What makes a modern human?
Just 1.5 to 7 percent of human DNA is unique to modern humans, Tina Hesman Saey reported in “Most human DNA is not unique to us” (SN: 8/14/21, p. 7).
Reader Mark Jenike wondered how the new research squares with the well-known finding that we humans share more than 98 percent of our DNA with chimpanzees and bonobos. “Are these two statistics measuring different things?” Jenike asked.
That shared DNA was likely passed down from the most recent common ancestor of humans, chimpanzees and bonobos, Saey says, and is common among all modern and ancient humans. The question asked in the study, however, is how much of our DNA is found only in anatomically modern humans, and not in Neandertals, Denisovans or other extinct ancient human relatives, she says.
“It’s important to remember that the 1.5 to 7 percent of DNA unique to modern humans consists of small genetic changes, and every single person today has them,” Saey says. “Overall, humans’ DNA still closely resembles that of other apes such as chimpanzees and bonobos.”
Reader Chuck Almdale wondered why the phrase “uniquely human” was used in the story to exclude Neandertals and Denisovans. If the ancient hominids could interbreed and have fertile offspring with modern humans, wouldn’t that make them the same species as us?
Drawing the line between species can sometimes be more of an art than a science, Saey says. Modern humans, Neandertals and Denisovans are genetically distinct groups, and while the groups were able to mate and reproduce with each other (SN: 5/8/21 & 5/22/21, p. 7), that doesn’t necessarily make them the same species, she says.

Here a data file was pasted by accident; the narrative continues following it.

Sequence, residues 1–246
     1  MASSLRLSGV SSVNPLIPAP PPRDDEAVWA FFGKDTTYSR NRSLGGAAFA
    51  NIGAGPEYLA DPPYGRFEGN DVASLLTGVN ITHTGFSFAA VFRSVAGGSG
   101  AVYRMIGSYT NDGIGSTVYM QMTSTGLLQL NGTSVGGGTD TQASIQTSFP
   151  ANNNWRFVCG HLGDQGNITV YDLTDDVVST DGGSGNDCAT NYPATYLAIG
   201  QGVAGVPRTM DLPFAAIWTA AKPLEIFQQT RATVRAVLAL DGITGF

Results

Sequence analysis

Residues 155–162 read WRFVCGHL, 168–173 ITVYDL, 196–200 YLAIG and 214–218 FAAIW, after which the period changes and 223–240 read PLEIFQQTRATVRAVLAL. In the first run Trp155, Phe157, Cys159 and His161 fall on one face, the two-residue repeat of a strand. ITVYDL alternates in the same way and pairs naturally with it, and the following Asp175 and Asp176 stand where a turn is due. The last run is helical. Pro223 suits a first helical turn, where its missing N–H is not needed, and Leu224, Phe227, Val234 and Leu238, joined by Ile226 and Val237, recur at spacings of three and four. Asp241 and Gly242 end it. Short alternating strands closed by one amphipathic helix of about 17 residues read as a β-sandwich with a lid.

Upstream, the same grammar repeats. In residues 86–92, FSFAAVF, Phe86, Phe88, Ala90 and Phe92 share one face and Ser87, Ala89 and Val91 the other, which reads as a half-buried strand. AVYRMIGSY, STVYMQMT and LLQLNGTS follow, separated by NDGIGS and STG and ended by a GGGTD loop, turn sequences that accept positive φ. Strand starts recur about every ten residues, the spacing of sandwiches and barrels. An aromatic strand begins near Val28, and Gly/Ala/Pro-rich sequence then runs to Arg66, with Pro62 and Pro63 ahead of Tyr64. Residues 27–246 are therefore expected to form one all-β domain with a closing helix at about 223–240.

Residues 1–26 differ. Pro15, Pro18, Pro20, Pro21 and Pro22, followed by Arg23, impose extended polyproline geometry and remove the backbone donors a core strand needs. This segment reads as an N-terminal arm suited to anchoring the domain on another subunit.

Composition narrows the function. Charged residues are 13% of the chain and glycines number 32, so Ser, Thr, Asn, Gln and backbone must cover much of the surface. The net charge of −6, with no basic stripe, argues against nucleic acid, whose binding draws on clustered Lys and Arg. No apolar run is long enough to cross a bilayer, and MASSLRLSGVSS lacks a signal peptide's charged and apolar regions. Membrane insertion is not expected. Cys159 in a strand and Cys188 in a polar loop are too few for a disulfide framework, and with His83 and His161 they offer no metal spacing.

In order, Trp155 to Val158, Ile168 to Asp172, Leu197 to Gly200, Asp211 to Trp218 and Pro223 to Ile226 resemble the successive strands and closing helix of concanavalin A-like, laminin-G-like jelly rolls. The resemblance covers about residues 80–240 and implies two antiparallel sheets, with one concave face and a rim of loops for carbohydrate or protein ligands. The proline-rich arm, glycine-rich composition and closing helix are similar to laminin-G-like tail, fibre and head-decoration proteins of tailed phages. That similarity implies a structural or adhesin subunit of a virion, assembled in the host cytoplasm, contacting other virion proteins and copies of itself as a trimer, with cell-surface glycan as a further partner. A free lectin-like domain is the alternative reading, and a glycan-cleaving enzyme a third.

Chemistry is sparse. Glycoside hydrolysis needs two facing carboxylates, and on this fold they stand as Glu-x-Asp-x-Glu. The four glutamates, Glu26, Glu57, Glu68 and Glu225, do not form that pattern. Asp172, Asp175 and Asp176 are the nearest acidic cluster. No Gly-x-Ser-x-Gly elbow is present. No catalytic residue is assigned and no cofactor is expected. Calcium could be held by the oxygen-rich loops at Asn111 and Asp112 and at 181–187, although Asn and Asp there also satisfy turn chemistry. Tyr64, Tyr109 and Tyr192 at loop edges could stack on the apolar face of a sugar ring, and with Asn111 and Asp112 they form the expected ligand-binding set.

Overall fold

Even scientists don’t agree on whether these three groups really are separate species, Saey says. What’s more, not all scientists use the term “human” the same way.
Analyses of seismic waves picked up by NASA’s InSight lander suggest that Mars’ core is at least partially liquid and somewhat larger than expected, Sid Perkins reported in “Quakes offer a peek inside Mars” (SN: 8/14/21, p. 9).
Perkins wrote that volcanic activity in a region of Mars that’s home to large volcanoes could trigger quakes or seismic waves. Reader Jim Sanborn pointed out that this statement seems to contradict another story in the same issue, “Mars lakes appear to be mirages” (SN: 8/14/21, p. 8). In that story, Adam Mann reported that it’s unlikely that liquid lakes lurk under the Red Planet’s southern polar ice cap. An underground magma pool would be needed to keep the lakes from freezing, but the planet appears to lack recent volcanic activity, he reported.
It’s true that there haven’t been signs of ongoing volcanic activity on Mars in recent times, Perkins says, although a study published in the Sept. 1 Icarus suggests that lava may have flowed from a fissure in the planet as recently as about 50,000 years ago. If any molten rock were to move within the planet, either underneath ancient volcanoes or elsewhere, it could potentially trigger marsquakes and seismic waves, he says.
“How muscle cells keep otters warm” (SN: 8/14/21, p. 13) incorrectly described the effect of surface area on heat loss. Small bodies with less surface area don’t lose heat faster; small bodies with greater surface area relative to their volume do.
“Roads to the good life” (SN: 9/11/21, p. 24) incorrectly stated the name of a journal in which research by psychologist Shigehiro Oishi of the University of Virginia and social psychologist Erin Westgate of the University of Florida appears. The study, which suggests that major life events can contribute to higher psychological richness, was published in Psychological Review, not Psychological Science.
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